As a student and as a journalist, I’ve never been one to speak up, to ask questions. For a student, this can mean the difference between a B and an A. For a journalist, it can mean mediocrity or success. That’s one reason why I was always a better editor than reporter: fewer questions.
Looking back through my journals of my first year as a freelance writer, I found that this reluctance and procrastination plagued me from my very first news beat:
I procrastinated again on calling Pat Hammond, which may mean I’ll go into the Fairlee meeting tomorrow cold. Oh, well. I could do worse. I could forget it entirely.
Today I also told Tex about the “Strangelove” story — he figured it needed “a little revision” — and read it to Bev, who at least appreciated the puns. …
And now it’s midnight. After chatting with Roger, I went back and reread several October-November entries in my journal — oddly, mostly Hanover entries — and my resolutions for 1979. I’m pleased to note I enjoyed it. I’m also pleased to note I meet my own standards.Journal, Volume II
8 April 1979
“I could do worse.” I could certainly have done better by making the phone call.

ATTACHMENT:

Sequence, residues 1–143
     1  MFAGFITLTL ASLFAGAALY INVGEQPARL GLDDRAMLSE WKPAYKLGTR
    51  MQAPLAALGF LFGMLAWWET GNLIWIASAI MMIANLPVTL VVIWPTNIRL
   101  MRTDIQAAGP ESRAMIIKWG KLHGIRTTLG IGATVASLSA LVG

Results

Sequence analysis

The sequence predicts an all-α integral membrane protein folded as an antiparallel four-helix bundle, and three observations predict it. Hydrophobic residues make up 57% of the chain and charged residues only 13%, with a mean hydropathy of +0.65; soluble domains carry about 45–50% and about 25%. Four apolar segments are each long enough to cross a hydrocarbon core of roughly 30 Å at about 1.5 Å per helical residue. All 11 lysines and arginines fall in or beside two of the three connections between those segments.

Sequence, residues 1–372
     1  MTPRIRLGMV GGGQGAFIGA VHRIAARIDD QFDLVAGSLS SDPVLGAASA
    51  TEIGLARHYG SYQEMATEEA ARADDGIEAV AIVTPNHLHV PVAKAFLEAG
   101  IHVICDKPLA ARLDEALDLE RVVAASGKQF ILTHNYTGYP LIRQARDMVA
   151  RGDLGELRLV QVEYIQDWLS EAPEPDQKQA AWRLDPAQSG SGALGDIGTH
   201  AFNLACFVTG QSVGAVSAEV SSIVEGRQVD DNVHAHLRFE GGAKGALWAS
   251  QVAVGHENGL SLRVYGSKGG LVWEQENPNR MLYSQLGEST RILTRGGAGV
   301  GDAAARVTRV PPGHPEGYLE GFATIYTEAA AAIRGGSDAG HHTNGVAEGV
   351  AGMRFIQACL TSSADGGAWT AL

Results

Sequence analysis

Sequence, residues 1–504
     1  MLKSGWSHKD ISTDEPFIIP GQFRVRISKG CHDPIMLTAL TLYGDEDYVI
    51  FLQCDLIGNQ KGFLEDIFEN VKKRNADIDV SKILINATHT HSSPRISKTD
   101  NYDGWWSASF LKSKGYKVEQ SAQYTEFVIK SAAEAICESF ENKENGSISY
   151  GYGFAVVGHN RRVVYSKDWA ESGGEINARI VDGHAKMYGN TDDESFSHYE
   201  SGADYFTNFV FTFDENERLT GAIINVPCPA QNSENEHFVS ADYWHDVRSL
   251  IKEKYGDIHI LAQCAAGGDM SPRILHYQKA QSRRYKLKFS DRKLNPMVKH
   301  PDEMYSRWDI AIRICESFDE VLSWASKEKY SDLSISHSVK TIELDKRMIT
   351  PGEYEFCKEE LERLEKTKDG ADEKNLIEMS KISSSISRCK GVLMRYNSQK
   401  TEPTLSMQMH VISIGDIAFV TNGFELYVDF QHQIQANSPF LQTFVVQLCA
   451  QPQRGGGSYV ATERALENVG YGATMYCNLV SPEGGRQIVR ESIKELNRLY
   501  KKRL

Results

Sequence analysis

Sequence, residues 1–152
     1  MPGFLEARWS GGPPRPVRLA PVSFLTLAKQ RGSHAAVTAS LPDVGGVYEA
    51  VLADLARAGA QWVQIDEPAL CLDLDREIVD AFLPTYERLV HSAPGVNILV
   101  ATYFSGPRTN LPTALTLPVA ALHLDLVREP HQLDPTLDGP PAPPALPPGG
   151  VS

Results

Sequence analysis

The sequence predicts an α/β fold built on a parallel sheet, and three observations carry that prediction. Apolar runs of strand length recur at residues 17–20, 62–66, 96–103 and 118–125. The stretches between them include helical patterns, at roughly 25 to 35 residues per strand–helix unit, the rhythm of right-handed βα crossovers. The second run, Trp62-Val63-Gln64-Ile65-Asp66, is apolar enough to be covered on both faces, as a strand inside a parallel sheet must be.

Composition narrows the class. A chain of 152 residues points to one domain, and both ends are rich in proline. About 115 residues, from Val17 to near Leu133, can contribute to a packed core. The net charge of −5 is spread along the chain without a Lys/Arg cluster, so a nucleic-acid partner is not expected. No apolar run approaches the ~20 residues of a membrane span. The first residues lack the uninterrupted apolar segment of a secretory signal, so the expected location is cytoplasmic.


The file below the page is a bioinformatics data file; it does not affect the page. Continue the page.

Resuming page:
Pat Hammond was a reporter for the Journal Opinion from Orford, New Hampshire, across the Connecticut River from Fairlee, Vermont. I was inheriting the Fairlee beat from her. She knew the context, continuity, and characters that could make my reporting more than just a transcript. Not calling her was a mistake. Worse, it was rude.
Tex’s comment that my over-the-top story about a fictional character based on him needed “a little revision” was charitable. Today it’s too late for me to make amends and apologize.
Bev, always the pundit, is still a dear Facebook friend. When I previously posted about this story, which I titled “The Wedding Presence,” she was equally charitable. She said she remembered it. She didn’t say what she thought of it.
And as for meeting my own standards for my 1979 resolutions, today I can honestly say that I was meeting the minimum requirements. I wasn’t throwing myself into them. That, like speaking up and asking questions, can mean the difference between an A grade and a gentleman’s B.